Preposition problems.

It seems to me that there are too many prepositions around. We are told not to use adverbs, except when necessary. To this, I would add prepositions.

These are little words that tell us a bit more about the relationship of a noun or pronoun to something else.

The tea IN the cup is hot. Here IN shows the relationship between the cup and the tea.

The book is ON the table. Here, ON shows the relationship between the book and the table.

But they are often used far too frequently.

Take, for example, the commonly used OFF OF.

Take your feet OFF OF the chair. This is perfectly comprehensible without the second preposition.

Take your feet OFF the chair. Not only that, it is grammatically correct.

In saying OFF OF, there are two prepositions next to each other. It’s OFF that’s important. OF is doing nothing. It is not referring to anything. We wouldn’t say “Put the cutlery ON OF the table.” It sounds silly. It is silly. Just as OFF OF is.

DOWN is another preposition often used unnecessarily.

He sat DOWN on the chair. It is perfectly understandable without the DOWN. He sat on the chair.

Similarly, with lie. She lay down on the bed.

We can just as easily say: She lay on the bed.

Also, sometimes, words are used interchangeably, which doesn’t make much sense. Sometimes we slow DOWN. Mostly we do, but occasionally you’ll hear “Slow up!”

Down is a decrease, and Up an increase, in height and in volume of sound, it makes no sense to ‘slow up’.

Here are some more you can delete.

UP, as in stand up. He stood UP before speaking.

This can easily be: He stood before speaking.

Open UP, or reopen UP. The shopkeepers are pleased to be able to open up again after the lockdown.

Can be: The shopkeepers are pleased to open again after lockdown.

Lose the UP and it’s still the same meaning.

ON.

This I read on a blog post. Deliver ON their expectations.

If we lose ON, it still means the same: Deliver their expectations.

OUT: They started out from the house at 6 a.m.

Can be: They started from the house at 6a.m. (Or, better still would be: They left the house at 6 a.m.)

OFF (again)

We have heroes Riding OFF into the sunset, instead of simply Riding into the sunset.

OVER

A football commentator said: He slipped OVER, instead of simply He slipped.

ON

I came across Continue on. This sounds odd to me. The robber continued on running after the policeman said to stop, instead of: The robber continued running after the policeman said to stop.

Of course, every preposition is not an enemy, just as every adverb or adjective isn’t. I would advise reading through your work and seeing how it sounds without these little words. Your work will be much tighter and stronger without those that can be eliminated.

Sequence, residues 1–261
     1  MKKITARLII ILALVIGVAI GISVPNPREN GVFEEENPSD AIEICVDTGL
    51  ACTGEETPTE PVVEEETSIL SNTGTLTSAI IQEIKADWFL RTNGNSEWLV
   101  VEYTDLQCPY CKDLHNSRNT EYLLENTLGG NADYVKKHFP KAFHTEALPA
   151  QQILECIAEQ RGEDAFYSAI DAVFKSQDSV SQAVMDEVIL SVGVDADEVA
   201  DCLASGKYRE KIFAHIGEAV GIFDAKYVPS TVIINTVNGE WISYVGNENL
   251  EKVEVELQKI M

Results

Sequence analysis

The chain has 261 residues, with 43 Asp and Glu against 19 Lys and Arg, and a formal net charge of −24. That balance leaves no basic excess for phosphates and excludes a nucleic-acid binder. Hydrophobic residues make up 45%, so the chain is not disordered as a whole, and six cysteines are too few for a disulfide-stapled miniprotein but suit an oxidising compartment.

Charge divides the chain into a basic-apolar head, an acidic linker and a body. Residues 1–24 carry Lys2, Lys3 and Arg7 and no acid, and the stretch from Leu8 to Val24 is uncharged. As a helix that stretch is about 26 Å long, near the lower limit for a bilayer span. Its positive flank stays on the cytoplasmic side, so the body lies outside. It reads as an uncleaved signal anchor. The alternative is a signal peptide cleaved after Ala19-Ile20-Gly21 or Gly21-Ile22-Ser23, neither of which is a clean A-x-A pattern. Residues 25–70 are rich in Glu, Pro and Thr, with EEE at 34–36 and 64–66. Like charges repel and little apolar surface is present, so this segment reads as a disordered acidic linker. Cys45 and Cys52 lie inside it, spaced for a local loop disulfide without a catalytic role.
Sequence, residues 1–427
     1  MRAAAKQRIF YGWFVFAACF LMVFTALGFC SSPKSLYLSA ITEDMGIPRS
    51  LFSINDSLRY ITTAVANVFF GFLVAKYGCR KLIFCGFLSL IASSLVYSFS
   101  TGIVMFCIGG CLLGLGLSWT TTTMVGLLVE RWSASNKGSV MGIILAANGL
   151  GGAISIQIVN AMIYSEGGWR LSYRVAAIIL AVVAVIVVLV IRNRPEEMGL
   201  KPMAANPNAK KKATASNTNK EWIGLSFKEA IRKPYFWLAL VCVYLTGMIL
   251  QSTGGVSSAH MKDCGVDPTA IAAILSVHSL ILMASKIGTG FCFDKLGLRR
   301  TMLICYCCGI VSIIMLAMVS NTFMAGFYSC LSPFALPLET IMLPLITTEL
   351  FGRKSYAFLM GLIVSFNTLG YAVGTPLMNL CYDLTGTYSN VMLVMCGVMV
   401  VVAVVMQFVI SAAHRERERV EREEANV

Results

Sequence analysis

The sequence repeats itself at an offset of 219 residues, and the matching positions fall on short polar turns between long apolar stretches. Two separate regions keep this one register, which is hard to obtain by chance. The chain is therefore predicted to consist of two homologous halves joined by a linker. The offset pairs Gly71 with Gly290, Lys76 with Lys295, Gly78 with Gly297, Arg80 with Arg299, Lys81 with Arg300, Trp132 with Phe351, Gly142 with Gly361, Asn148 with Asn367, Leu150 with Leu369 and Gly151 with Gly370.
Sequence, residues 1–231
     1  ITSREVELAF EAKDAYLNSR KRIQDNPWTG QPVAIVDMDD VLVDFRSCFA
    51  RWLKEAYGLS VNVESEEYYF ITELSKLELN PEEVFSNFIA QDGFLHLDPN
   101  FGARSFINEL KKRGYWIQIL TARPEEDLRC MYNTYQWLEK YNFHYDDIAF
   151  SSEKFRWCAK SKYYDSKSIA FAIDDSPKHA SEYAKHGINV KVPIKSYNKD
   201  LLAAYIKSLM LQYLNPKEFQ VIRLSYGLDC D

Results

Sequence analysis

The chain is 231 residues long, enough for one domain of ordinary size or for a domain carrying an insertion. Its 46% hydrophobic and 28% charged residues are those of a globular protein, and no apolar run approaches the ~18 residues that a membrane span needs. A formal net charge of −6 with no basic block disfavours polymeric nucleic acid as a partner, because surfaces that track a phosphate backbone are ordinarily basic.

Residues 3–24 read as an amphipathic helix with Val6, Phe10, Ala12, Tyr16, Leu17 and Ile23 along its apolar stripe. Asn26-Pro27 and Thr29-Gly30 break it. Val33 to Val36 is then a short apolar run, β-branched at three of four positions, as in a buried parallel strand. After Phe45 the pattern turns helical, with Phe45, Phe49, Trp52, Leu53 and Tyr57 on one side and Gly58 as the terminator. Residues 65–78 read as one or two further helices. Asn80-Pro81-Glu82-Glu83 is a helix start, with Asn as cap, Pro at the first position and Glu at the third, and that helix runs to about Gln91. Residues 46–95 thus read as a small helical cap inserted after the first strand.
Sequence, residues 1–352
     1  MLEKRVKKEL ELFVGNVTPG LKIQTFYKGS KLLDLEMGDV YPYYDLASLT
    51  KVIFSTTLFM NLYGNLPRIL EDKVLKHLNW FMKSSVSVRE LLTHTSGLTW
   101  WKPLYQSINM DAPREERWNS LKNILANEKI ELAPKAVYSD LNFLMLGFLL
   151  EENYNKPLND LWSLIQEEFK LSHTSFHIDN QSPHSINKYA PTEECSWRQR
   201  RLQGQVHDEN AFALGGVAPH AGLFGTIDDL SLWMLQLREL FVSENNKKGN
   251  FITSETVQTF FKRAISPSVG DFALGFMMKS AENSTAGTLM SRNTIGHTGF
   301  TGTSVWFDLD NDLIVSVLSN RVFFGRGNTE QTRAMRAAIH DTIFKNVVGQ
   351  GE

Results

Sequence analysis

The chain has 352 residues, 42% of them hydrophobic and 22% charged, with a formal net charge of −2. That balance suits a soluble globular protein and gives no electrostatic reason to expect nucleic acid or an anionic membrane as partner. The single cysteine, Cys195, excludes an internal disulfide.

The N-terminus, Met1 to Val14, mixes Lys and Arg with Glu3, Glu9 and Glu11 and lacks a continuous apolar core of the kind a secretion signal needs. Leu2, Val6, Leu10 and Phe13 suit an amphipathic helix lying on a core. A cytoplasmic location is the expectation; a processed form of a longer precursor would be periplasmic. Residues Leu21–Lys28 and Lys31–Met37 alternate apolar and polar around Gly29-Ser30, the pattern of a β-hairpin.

And PLEASE don’t say OFF OF! That is so irritating.

What do you think of prepositions? Do you think they are overused? Tell me your thoughts in the comments box.

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10 thoughts on “Preposition problems.”

  1. I plead guilty! Usually I catch most of these goofy usages when I edit, but one time I went through an entire MS looking for misuse of “up” and “down.” It was stunning how many times it was unnecessary. Good reminder to all of us! Thanks, RJ 😉

    Liked by 1 person

    1. Up and down are probably the most common, but there are so many that the post could have been much longer.
      I’m going through a wip that I’ve not looked at for a while, because I was finishing another. Like you, I’m shocked at how many unnecessary of these little blighters I’ve used.

      Like

  2. I’m not sure it’s something I worry about, but perhaps I should. I’ll bear in mind in my current editing and see how had I’ve been. My dad was of your school. One recurring gripe he had was an advert that offered some extra ‘for free’. In his book it didn’t need the ‘for’ and he’d chunter at the TV every time this advert appeared. Not sure I really understood his problem which may be my problem.

    Liked by 1 person

    1. This post came about to a large extent because of ‘off of’, which makes me want to scream every time I hear it. (As it’s becoming more common as the UK adopts more Americanisms, you might hear me screaming from where you are!)
      But in the critique group to which I belong, I’m always being told , ‘It’s just *sat* not *sat down*, or to lose *up* if I say ‘He looked up at the sky.’

      Liked by 2 people

    1. Absolutely. I’m the same. The little blighters sneak in regardless of how much you try.
      It’s been brought home to me recently. I’m currently reading a book that has lots of them. (I can’t help but highlight them with a comment. Must be the teacher in me!) the story is good and original, but the writing comes over as amateurish.

      Liked by 2 people

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